After some failed attempts to start writing the dissertation I began to make real progress when I went back an edited an old paper from my Master’s which was on the Adolescent Family Life Act as a piece of Cold War legislation. My dissertation is a comparative study of virginity as a form of sexual regulation in World War II and the War on Terror in the United States. I wasn’t looking to write about the Cold War at all, much less about the rhetorical history of Cold War legislation. All of that is to say, the paper I was editing had very, very little to do in subject or time period of my dissertation.

However, in editing an older piece of work that was tangentially related to my dissertation topic I started to ask myself questions and make writing notes. Examples include but are not limited to:

  • Does this source also talk about World War II?
  • Are budget re-authorizations a good place to look for legislative changes?
  • How is this different from World War II and War on Terror? How is it the same?

In looking up and writing out the answers to these questions I suddenly had that most magical of substances–new material. From the answers to those questions and others, all inspired by editing an old draft of a kind-of related paper, I had material I could work with. I then began to edit the answers to the questions into a more coherent piece which, over time, became the iteration of the problem–why it was necessary to compare World War II and the War on Terror–rather than do a more traditional longitudnal study.

It’s important to note that when I started this process I wasn’t trying to shoehorn old work into my dissertation. What I was doing was looking at my old work to find the gaps between already articulated questions and the questions I had yet to articulate for my dissertation.

Moreover, I didn’t go through this process one time. Since editing a seminar paper felt like it gave me some much needed momentum I went back and edited my prospectus as well. What had I said in the prospectus? How would I say it better now that I knew more? Had new questions arisen since I defended my prospectus? Was my list of archives up to date?

Through editing these older works I was able to reduce the question from “how the hell do I write a book on this?” to “what questions did I leave unanswered in these older pieces and how can I answer them in the dissertation?”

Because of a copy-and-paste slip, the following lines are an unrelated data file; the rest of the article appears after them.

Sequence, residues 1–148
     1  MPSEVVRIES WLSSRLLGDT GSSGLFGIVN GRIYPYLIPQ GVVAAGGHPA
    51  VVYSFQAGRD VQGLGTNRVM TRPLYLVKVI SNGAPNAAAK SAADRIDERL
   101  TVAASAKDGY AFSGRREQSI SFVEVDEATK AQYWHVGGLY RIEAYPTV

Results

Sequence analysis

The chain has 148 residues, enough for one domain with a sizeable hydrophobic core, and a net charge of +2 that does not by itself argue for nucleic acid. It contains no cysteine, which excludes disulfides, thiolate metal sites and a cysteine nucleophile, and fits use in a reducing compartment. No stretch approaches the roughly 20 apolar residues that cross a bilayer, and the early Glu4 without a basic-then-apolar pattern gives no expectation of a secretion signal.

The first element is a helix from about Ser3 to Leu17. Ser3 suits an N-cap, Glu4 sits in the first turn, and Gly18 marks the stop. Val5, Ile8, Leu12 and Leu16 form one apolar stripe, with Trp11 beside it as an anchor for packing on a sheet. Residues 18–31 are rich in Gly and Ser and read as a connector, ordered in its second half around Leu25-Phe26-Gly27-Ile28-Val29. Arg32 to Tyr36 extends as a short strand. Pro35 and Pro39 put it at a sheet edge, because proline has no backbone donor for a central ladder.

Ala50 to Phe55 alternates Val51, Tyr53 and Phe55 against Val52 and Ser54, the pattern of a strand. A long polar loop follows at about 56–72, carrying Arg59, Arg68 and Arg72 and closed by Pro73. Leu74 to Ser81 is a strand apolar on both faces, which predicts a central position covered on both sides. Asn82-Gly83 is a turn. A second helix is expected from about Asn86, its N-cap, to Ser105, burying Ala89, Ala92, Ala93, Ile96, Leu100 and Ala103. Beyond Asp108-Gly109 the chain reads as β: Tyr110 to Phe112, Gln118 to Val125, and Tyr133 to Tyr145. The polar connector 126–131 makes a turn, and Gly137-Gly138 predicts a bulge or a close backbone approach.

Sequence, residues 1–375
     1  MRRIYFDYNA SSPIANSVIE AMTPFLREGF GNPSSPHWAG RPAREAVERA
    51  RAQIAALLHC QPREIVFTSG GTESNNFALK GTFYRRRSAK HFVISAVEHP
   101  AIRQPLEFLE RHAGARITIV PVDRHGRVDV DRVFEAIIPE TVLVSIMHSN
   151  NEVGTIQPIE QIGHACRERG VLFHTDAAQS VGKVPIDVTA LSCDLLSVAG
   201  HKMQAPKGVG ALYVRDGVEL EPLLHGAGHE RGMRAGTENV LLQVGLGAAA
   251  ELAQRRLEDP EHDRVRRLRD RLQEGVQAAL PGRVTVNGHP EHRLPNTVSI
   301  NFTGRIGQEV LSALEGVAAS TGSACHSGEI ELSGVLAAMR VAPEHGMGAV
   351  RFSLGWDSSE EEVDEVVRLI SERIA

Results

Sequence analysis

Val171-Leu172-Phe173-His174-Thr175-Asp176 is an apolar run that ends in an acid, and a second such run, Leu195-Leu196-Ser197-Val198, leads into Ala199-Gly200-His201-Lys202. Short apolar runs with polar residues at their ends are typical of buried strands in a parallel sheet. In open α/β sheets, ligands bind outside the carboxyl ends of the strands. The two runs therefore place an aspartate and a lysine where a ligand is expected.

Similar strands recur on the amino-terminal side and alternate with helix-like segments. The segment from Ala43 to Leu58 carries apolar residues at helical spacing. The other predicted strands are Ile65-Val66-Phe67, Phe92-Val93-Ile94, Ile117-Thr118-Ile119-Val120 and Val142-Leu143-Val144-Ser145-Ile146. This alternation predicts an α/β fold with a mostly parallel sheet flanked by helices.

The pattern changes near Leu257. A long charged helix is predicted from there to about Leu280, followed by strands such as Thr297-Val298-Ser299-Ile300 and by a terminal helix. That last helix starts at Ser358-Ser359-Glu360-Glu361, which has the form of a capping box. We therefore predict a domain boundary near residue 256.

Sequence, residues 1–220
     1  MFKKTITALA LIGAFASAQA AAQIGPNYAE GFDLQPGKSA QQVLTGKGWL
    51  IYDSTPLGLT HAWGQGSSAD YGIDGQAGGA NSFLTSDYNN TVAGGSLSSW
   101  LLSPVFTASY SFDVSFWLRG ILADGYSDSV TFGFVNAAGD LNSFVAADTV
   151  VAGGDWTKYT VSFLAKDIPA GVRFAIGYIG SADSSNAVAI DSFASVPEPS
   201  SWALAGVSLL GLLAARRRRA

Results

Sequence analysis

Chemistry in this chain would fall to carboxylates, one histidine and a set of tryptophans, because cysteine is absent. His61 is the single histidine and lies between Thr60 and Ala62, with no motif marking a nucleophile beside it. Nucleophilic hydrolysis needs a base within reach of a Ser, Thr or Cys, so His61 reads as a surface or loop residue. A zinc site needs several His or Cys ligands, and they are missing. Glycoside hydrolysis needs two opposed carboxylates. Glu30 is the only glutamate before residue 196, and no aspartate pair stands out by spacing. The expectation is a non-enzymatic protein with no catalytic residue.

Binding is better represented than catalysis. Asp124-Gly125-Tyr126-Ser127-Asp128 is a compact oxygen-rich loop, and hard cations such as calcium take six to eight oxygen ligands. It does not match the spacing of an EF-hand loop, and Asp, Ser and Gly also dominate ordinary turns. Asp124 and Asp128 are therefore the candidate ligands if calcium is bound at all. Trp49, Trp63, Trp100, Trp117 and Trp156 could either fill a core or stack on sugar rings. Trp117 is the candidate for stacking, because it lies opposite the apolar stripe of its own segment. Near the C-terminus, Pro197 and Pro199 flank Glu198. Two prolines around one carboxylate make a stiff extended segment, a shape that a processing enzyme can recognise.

The second question is much more manageable than the first.

Come back tomorrow when we’ll be talking about our favorite editing strategies.

Writing vs. Editing

When I was in coursework I often had 3 seminar papers due around the same time at the end of the semester. Combined with teaching responsibilities and the rigors of trying to be a person (e.g. cooking, cleaning, showering) I often wrote these papers at the last minute.

What I mean by that, is that I would often have some books, some notes, some ideas and no words on paper. I would sit down at 7:00 a.m. the day the paper was due and write as many pages as possible before the paper was due at 5:00 or 6:00 or 11:00 or whenever.

This process got me through my MA and all of my PhD coursework.

Although there are undoubtedly people who are more prepared for their lives many of the graduate students I knew, operating under the same constraints, used a very similar process.

Similarly, your prelims exams are timed and whether you have a day or a week you are cranking out a large amount of writing in a condensed amount of time.

In each of these situations, you are going from having next-to-nothing (or nothing) and turning in a finished product. The consequence is that you combine the writing and editing processes somewhat. As you write you’re thinking to yourself, “Does this tie-in with what I want to say in my conclusion? Does this make sense here?”

While that’s not ideal, it’s certainly workable in a project that is (a) under 50 pages long and (b) not the foundation of your future scholarly career.